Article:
DM is a global burden, associated with life-threatening complications  including  stroke,  renal failure and cardiac attack. The existing management of diabetes using orthodox and various medications is expensive, it requires prolong use, inadequate storage facility in rural areas and accompanied with several side effects that have reduce compliance. Herbal remedies are easily accessed and inexpensive.

The rise in glucose level on induction of diabetes results to a corresponding increase in serum lipids.  The significant increase in the level of serum lipids in diabetes can be due to the lack of insulin, since under normal condition, insulin activates the enzyme lipoprotein lipase and hydrolyzes serum lipids. However, in diabetic state lipoprotein lipase is not activated due to insulin deficiency resulting in hyperlipidemia (Akah et al., 2004; Nwanjo et al., 2006; Ayinla et al., 2011). It is with all this background that this study is thus aimed at investigating the anti-diabetic effect of ELEDD and its associated hyperlipidemia on alloxan induced diabetic Wistar rats.

 

 


 MATERIALS AND METHODS

Collection of the D. dilatata plants

The plant was collected from a wide growing habitat in Olomoro Community in Isoko South Local Government Area of Delta State. A plant specimen was authenticated by a taxonomist (Dr. Harrison Erhenhi) in the Department of Botany, Delta State University Abraka with a voucher specimen number FHI 1100338.

Preparation of ethanolic leaf extract of D. dilatata

The ELEDD was prepared according to the method of Wycliffe et al. (2016).The leaves of DD were collected and washed to remove dust particles and other microbial organisms that might adhere to the surface of the leaves. They were air dried at room temperature (25± 1.02°C) after which they were milled into fine powder using a Century electric blender (CB- 8283-J), a product of Century Company Ltd. Oaks, California; and sieved to fine powder with porcelain cloth. 300 g was weighed into a beaker and macerated in 1500 ml of ethanol followed by shaking at 2 h intervals for 72 h and was then filtered with No. 1 Whatman filter paper (110 × 100 mm) to obtain a filtrate which was further evaporated in the hot air oven (Drawell Scientific Ltd; Model; DGT-G25. The granules were weighed and refrigerated at -2°C in an air tight container till ready for use.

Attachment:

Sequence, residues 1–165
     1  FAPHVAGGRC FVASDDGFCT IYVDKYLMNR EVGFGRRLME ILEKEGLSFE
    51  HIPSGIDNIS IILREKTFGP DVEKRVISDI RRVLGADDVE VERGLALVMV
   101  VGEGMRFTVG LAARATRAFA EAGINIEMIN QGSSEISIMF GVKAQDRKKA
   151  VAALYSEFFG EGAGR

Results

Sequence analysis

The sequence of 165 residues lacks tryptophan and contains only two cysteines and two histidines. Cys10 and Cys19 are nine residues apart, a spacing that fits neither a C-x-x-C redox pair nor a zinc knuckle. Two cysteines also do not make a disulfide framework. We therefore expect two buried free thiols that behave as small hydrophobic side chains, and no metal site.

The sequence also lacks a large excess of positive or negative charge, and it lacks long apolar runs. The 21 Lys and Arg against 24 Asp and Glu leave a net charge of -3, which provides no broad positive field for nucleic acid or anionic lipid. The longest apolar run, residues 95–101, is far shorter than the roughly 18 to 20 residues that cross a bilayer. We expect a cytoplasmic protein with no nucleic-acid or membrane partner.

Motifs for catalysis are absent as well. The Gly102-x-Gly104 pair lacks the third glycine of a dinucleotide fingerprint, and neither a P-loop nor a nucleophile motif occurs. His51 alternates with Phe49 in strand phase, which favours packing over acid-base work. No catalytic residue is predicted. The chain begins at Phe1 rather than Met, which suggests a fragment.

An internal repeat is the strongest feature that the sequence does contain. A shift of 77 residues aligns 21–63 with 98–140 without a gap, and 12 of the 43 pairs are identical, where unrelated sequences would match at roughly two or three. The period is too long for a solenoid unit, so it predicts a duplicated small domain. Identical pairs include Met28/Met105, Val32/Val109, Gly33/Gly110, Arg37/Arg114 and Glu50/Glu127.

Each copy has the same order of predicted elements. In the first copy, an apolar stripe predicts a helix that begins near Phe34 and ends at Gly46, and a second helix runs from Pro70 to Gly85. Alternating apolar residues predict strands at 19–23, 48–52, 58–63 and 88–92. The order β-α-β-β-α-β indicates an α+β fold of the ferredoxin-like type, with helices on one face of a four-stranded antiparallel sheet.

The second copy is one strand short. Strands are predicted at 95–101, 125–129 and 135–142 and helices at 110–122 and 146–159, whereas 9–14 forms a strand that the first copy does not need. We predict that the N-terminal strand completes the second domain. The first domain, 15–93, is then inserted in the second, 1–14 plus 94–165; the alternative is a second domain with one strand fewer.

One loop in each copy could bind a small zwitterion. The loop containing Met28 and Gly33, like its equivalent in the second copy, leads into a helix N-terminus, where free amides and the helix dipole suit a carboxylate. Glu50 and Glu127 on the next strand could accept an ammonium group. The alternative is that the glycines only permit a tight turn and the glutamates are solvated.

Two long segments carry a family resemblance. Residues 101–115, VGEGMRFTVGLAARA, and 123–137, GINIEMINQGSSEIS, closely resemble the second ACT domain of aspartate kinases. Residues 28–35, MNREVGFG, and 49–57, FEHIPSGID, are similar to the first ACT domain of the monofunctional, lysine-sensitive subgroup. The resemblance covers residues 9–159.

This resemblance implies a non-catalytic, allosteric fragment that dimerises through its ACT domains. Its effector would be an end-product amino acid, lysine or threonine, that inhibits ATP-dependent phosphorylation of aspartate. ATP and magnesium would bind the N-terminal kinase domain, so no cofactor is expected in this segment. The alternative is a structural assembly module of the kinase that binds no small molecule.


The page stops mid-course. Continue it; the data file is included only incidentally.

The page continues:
Phytochemical screening method

The quantitative and qualitative phytochemical analysis was done using standard methods (Chukwuma et al., 2016).

Experimental procedure

The experiment was carried out at the Animal House Unit, Faculty of Basic Medical Sciences, Delta State University Abraka (DELSU). The Animals were handled in accordance with the guidelines and principles of the University Ethical Committee. Animals were fed with rat chow from Flour Mills Nig  Ltd,  Sapele,  and  distilled  water under hygienic conditions and maintained in normal and standard laboratory condition with 12hrs light/dark cycle with adequate ventilation for the duration of the experiment.

Acute toxicity test (LD50)

Lethal dose (LD50) was investigated according to the method of Lorkes (1983).The wistar rats were divided into two phases; each phase contains three groups of four rats each. ELEDD was administered orally in divided doses to six different groups of four rats each using oral cannula.

First phase

Group 1: Received 600 mg/kg orally

Group 2: Received 1200 mg/kg orally

Group 3: Received 1800 mg/kg orally

Second phase

Group 1: Received 2400 mg/kg orally

Group 2: Received 3000 mg/kg orally

Group 3: Received 3600 mg/kg orally